Morales agrees, and adds that there can be a bit of a learning curve for some boards in terms of how much they have to spend and over what timeline. “We need to know how much they have to spend — and sometimes these boards don’t know what things cost,” she says. “They’ll say, ‘Well, we only have $100,000,’ and then we’ll go to a site meeting and they’ll be talking about powder-coated aluminum planters; they want to do ipe [wood] decking and an ipe fence, and pavers; and it’s like, ‘That’s great — sounds beautiful! But your budget can’t give you that.’ So we find a happy medium.”

For this reason, Morales adds that it’s a good idea to include more than one decision-maker in meetings and site visits with the landscaping vendor. Ideally, the team should at least include the property manager, but could also include key maintenance personnel or supers, executive board members (or the entire board, depending on the size of your community) and any non-board residents who participate in grounds committees, gardening clubs, or working groups tasked with landscaping issues or projects. That way, information doesn’t get lost in translation, and the board has more awareness of where the community’s money is going. They can also be educated on the time it takes for certain plants to grow to their full potential and the maintenance involved.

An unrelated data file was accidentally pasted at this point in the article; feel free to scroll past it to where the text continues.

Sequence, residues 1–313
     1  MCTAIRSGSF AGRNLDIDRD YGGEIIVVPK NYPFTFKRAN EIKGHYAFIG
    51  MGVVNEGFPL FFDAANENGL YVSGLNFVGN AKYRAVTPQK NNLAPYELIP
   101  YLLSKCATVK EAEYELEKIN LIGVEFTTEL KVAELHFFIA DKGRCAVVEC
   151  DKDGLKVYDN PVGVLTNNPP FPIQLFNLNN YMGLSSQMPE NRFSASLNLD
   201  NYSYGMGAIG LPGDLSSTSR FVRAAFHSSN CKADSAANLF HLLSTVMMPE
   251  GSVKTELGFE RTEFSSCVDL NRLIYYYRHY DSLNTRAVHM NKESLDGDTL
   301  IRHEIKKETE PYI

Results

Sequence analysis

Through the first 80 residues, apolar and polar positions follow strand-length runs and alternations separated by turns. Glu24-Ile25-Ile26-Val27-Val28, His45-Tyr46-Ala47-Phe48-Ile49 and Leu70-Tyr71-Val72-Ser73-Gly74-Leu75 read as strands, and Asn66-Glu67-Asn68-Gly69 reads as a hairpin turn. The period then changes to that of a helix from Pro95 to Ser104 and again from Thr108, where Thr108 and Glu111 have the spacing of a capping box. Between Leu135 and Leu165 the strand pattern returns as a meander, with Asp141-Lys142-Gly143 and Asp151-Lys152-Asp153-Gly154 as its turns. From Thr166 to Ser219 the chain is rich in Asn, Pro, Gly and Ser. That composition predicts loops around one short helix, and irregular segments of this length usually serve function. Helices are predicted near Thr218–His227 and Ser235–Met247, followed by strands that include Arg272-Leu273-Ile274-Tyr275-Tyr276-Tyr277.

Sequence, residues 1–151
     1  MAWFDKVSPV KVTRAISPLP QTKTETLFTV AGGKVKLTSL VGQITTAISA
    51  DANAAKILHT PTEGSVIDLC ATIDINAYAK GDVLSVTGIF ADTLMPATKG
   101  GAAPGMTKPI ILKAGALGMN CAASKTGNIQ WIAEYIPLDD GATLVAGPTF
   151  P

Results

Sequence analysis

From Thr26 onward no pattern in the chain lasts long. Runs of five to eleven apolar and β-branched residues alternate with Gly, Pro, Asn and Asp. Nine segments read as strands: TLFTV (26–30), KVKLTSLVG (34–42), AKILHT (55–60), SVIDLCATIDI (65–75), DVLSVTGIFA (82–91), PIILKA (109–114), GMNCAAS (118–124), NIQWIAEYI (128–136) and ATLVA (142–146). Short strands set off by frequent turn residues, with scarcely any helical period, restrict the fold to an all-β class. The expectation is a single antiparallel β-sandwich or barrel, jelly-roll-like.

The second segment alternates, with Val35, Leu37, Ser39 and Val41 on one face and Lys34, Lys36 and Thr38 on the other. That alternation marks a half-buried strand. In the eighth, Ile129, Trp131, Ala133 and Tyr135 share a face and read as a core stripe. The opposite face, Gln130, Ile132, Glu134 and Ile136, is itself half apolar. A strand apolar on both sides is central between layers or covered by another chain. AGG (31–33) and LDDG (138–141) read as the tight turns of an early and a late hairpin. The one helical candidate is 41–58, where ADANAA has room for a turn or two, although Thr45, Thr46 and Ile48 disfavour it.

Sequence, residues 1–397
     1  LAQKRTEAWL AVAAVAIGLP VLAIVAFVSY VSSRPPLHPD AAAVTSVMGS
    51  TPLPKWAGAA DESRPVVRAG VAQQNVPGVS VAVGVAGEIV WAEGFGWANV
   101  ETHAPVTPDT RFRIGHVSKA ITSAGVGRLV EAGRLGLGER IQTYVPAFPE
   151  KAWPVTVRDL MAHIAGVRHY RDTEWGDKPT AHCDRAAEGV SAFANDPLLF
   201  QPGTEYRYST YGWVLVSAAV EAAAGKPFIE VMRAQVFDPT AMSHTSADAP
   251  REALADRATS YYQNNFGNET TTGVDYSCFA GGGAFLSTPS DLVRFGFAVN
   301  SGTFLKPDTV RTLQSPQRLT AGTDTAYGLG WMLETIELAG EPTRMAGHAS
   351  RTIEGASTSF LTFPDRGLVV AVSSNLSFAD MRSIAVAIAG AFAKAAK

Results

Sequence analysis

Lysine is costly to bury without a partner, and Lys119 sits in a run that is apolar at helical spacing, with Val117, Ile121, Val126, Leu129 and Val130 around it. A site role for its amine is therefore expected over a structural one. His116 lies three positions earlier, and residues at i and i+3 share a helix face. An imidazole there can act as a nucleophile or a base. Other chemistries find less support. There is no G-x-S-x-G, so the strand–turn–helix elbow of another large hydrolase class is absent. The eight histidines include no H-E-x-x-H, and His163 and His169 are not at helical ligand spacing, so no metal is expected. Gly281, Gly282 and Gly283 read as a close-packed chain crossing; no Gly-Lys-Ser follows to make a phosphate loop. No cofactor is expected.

You Dig?

Considering the investment in both time and money that a smart landscaping plan requires, there is no time like the present to get the process rolling. Don’t let the inspiration of springtime go to waste! Consult with your professionals, establish your goals, and once you’ve got a game plan, get digging. The right landscaping choices will provide value and visual appeal for any multifamily community. 

Darcey Gerstein is Associate Editor and Staff Writer for New England Condominium.